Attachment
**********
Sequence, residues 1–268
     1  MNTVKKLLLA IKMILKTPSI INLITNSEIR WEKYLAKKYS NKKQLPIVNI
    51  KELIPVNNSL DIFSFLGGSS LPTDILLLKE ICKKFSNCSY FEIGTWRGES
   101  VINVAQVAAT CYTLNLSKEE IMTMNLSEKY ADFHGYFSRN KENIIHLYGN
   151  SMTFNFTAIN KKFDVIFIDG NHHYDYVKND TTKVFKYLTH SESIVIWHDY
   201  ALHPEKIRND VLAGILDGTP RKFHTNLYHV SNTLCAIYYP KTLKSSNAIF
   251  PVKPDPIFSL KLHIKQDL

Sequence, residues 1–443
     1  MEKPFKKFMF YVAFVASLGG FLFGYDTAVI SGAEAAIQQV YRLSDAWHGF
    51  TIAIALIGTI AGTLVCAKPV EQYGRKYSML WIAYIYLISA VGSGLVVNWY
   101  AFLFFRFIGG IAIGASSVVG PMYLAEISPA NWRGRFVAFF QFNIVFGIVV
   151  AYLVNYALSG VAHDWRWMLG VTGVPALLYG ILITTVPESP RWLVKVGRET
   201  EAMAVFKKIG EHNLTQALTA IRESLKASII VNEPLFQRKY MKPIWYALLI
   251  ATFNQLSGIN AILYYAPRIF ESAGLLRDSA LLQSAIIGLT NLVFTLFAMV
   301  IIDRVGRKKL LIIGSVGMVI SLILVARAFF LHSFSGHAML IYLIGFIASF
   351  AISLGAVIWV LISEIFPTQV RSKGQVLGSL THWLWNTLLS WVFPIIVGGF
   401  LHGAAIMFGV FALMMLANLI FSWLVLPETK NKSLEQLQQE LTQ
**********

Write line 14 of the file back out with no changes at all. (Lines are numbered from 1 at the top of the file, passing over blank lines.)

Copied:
   251  ATFNQLSGIN AILYYAPRIF ESAGLLRDSA LLQSAIIGLT NLVFTLFAMV